MPs: protecting civil service while troops are sacked

While thousands of soldiers, sailors and airmen have been made redundant not one civil servant has been forced to go despite 25,000 job losses, the Commons Defence Committee report disclosed.

It roundly criticised the MoD’s top civil servant for suggesting that only MoD civilians had the skills to do different jobs.

MPs were shocked that sacked service personnel could not be retrained for specialist posts. There are more than 2,000 “pinch point” trades positions available such as bomb disposal yet more than 40 percent of troops were made compulsorily redundant in the last round of sackings.

“For military redundancies to be compulsory yet for civilian redundancies to be compulsory in none is so grotesque that it requires an exceptionally persuasive reason,” the report said.

MPs questioned whether redundancy terms were “fair or appropriate” between the two branches of service in the MoD. Civil servants, unlike servicemen, are able to join trade unions.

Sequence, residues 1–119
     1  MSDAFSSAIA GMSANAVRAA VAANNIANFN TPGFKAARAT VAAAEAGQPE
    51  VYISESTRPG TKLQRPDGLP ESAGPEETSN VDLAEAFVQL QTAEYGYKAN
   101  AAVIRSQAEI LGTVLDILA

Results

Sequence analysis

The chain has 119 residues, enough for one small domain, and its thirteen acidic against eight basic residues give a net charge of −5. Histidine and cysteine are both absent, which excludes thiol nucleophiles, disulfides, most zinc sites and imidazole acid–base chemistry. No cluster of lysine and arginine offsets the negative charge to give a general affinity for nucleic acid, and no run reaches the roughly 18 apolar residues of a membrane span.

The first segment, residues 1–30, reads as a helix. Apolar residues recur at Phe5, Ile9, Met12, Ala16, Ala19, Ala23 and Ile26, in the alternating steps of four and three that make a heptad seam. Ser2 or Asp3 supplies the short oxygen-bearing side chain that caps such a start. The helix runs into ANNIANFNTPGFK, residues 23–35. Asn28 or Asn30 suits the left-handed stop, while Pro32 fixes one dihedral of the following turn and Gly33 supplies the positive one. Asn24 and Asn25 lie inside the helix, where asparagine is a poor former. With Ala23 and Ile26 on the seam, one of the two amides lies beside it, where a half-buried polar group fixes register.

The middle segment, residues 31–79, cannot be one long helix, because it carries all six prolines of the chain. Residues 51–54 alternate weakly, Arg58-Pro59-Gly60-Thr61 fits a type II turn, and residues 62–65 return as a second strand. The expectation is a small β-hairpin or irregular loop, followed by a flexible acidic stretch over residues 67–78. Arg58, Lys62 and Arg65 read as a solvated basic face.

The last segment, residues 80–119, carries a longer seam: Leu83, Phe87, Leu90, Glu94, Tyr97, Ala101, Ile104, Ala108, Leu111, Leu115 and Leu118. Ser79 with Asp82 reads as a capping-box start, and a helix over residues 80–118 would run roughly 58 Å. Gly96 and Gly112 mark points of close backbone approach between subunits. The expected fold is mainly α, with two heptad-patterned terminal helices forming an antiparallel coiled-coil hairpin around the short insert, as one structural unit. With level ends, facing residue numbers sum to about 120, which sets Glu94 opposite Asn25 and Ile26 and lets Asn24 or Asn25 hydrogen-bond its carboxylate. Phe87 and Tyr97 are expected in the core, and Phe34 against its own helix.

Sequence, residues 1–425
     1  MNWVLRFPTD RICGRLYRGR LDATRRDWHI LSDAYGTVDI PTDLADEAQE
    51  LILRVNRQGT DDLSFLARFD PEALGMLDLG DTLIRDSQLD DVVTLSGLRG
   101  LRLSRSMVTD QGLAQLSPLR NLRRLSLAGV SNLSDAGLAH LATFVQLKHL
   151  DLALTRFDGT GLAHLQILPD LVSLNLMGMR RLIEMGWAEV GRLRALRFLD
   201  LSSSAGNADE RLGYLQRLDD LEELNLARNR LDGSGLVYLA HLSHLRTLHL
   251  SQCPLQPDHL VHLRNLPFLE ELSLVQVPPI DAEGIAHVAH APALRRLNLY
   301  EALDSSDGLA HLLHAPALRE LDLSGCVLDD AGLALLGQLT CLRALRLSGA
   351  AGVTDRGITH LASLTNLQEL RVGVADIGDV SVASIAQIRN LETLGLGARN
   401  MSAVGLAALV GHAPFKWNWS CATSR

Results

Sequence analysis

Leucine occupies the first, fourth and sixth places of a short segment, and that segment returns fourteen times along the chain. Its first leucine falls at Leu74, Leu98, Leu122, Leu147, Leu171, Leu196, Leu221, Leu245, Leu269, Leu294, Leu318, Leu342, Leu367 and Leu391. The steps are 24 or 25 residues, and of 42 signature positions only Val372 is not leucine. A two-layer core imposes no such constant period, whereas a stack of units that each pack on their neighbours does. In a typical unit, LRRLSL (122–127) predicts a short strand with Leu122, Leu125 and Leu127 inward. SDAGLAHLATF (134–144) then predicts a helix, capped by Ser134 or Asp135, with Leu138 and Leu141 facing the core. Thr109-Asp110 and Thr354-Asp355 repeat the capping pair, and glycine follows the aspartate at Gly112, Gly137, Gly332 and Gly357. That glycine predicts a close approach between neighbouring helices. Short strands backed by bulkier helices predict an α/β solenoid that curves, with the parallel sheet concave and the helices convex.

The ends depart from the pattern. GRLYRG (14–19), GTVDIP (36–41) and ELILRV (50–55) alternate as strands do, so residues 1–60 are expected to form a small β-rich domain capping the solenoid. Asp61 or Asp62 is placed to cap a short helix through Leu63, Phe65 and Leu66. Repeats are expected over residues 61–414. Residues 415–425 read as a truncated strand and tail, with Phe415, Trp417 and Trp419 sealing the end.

The MPs were angered by Ursula Brennan, the MoD’s top civil servants, who suggested that civilians were “flexibly employable” whereas the military were not.

She told them: “A very large number of the Civil Service have flexible skills that enable them to work in a variety of places.”

The report said her view ran “contrary to the committee’s experience of the breadth of the military training and the skills shown by personnel as witnessed on operations.”

It added: “We were not convinced by the reasons given for this situation by the MoD—that civil servants had generic skills and could be more readily transferred.”

James Arbuthnot, the Tory MP and chairman of the committee, said: “The stark and shocking differences between redundancies in the MoD require an exceptionally persuasive explanation, which we are yet to hear.

“Look at the areas where the Armed Forces are undermanned.”

The Forces are short of more than 500 intelligence specialists, 120 Navy nuclear engineer and nearly 300 medical staff.

The Armed Forces redundancy programme is expected to deliver up to 11,000 redundancies across the three Services while civil servant redundancies are 15,000. The rest of the reduction in personnel will be through natural wastage or posts being removed.

The report recommend that sacked troops should be given the opportunity to retrain for trades needed in the Armed Forces, in particular, pinch point trades.

The MPs demanded that the MoD gave a detailed explanation of how it planned to address the shortfall in specialist posts.